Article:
A little-known but controversial World Bank tribunal has bucked tradition and ruled against corporate power on October 14.

The tribunal rejected Canadian-Australian gold mining giant OceanaGold’s claim that El Salvador interfered with its profits when the government pulled the plug on a proposed gold mine.

The seven-year, multi-million dollar, largely secretive court battle had pitted mining-affected Salvadoran communities — supported by international human rights groups — against the deep pockets of OceanaGold.

 The protests by professional sports players in the United States during “The Star-Spangled Banner” have spread since NFL quarterback Colin Kaepernick sparked the controversial movement in support of the Black Lives Matter movement in August by refusing to stand for the anthem before games. The protests have spread, with other NFL players joining in as well as sportspeople from soccer and volleyball.

Ecuadorean indigenous groups’ years-long court battle to force oil giant Chevron to pay US$9.5 billion in damages for the environmental disaster known as the “Amazon Chernobyl” began a new phase on September 12 — this time in Canada.

Plaintiffs from Ecuador have been trying for years to collect damages it won in its 2011 lawsuit against Chevron in a court in Ecuador, where the multinational oil giant no longer has assets that can be seized.

Canadians elected a new national government on October 19, with new Prime Minister Justin Trudeau's Liberal Party winning 184 seats out of 338.

The hated Conservative Party of Prime Minister Stephen Harper came in second place with 99 seats. The historically left-wing New Democratic Party won 44 seats.

After seven years of intense public campaigning on the Keystone XL, a pipeline that would have bisected the United States carrying the world's dirtiest oil, US President Barack Obama denied Canadian oil company TransCanada a presidential permit for construction on November 6.

The president cited the pipeline's projected contribution to climate change in deeming it not in the national interest.

Slick Water: Fracking – and One Insider’s Stand Against the World’s Most Powerful Industry
Andrew Nikiforuk
Greystone Books/David Suzuki Institute
2015, 350 pages

The fracturing of rocks to mine more fossil fuels was born with the oil business, writes the Canadian journalist, Andrew Nikiforuk, in Slick Water.

During the world’s first oil boom in Pennsylvania in the 1850s, highly volatile nitro-glycerine and other explosives were used on sluggish wells with lethal risk, to turn them into gushers by creating new fractures to channel blocked oil to the surface.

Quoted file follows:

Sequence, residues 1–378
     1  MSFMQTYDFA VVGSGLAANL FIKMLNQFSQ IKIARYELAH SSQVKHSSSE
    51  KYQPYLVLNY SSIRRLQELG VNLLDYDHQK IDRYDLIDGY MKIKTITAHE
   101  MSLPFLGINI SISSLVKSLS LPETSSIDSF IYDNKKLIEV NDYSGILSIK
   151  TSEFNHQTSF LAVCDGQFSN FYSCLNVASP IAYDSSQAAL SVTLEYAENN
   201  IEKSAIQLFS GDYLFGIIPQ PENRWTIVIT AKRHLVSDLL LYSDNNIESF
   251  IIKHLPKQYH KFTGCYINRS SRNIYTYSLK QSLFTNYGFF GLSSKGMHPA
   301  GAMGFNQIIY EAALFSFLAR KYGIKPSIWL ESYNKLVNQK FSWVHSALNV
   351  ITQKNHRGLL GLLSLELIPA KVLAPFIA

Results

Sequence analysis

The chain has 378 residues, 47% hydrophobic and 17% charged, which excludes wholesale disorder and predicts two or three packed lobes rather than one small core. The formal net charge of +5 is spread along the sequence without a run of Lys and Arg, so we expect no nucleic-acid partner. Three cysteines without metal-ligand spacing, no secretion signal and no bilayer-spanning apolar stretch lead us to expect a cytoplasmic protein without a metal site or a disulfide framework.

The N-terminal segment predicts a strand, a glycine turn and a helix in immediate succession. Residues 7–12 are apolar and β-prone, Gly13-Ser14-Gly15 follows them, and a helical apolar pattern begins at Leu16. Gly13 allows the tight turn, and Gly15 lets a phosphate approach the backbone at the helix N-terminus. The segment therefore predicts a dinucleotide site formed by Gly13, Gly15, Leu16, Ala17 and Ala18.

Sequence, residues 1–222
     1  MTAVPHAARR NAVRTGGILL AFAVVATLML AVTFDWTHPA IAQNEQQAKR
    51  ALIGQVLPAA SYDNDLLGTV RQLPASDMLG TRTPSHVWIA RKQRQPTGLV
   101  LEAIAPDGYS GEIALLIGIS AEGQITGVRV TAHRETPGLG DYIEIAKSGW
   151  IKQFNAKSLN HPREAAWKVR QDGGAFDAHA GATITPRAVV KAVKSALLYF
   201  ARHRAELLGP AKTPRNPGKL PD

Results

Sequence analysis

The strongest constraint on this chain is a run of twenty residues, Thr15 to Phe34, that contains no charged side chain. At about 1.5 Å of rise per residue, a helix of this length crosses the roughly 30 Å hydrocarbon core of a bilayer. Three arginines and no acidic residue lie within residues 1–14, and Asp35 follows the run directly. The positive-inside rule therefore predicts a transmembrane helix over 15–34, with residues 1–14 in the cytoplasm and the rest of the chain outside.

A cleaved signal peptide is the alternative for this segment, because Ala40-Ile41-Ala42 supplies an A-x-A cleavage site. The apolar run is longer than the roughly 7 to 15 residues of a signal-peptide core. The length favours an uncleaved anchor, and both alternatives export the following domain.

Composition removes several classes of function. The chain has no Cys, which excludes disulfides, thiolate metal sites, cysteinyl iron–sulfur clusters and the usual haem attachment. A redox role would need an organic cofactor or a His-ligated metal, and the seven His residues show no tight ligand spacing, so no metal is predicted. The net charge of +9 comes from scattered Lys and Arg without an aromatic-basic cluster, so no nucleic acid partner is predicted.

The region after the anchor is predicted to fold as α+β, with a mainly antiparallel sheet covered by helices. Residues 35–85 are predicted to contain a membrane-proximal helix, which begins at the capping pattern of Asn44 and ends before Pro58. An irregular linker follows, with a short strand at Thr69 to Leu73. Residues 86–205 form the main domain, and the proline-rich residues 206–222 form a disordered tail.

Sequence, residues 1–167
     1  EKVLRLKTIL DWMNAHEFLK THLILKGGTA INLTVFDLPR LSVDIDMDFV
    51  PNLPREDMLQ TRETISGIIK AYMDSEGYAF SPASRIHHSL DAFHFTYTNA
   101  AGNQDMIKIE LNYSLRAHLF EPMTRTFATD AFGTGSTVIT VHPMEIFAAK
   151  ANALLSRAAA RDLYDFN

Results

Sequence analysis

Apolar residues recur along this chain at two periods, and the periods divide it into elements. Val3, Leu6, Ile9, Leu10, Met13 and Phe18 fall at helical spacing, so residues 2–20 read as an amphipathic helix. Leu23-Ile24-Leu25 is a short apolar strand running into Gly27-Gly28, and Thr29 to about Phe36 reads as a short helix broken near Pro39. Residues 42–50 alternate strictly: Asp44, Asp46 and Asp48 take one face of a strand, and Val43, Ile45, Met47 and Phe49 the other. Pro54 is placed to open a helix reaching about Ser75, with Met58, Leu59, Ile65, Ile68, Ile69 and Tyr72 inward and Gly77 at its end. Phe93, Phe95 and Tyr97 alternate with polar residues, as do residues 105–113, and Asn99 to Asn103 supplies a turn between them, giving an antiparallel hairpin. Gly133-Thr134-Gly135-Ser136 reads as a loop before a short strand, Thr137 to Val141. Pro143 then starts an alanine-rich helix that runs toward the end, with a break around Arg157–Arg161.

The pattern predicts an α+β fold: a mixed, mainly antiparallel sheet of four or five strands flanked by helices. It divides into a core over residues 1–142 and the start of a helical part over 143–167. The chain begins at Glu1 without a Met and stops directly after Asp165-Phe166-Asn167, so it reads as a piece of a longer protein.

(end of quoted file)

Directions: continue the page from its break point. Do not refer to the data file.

Five hundred Toronto-area supporters crowded into a west-end school auditorium March 29 to support the Leap Manifesto, for a “justice-based” energy transition to renewable economy.

In a stunning rebuff to the party establishment, delegates to the federal convention of the Canada’s social democratic New Democratic Party, meeting in Edmonton, Alberta April 8-10, voted to reject Thomas Mulcair as their leader. They voted to begin reorienting the party to become a leader in Canada’s climate justice movement.

Fort McMurray, the city that serves as the hub of one of the world’s largest climate-wrecking projects, Canada’s Alberta tar sands, is burning to the ground due to wildfires sparked by unseasonably dry and hot weather.

The wildfires began at the end of April in forests west of the city. It worsened when strong winds carried the fires into the city, creating quasi-apocalyptic conditions. The city centre is burning, including the city hospital. Flights in and out of the airport were cancelled as of May 4.

Ottawa, Canada. July 2014.

Members of the Green Party of Canada made history at their August 5–7 convention in Ottawa, passing a resolution to support the boycott, divestment and sanctions (BDS) campaign targeting economic activities in the Palestinian territories occupied by Israel.

The BDS campaign was first launched in 2005 with a call from more than 170 Palestinian non-government organisations. It has generated growing support across the world.


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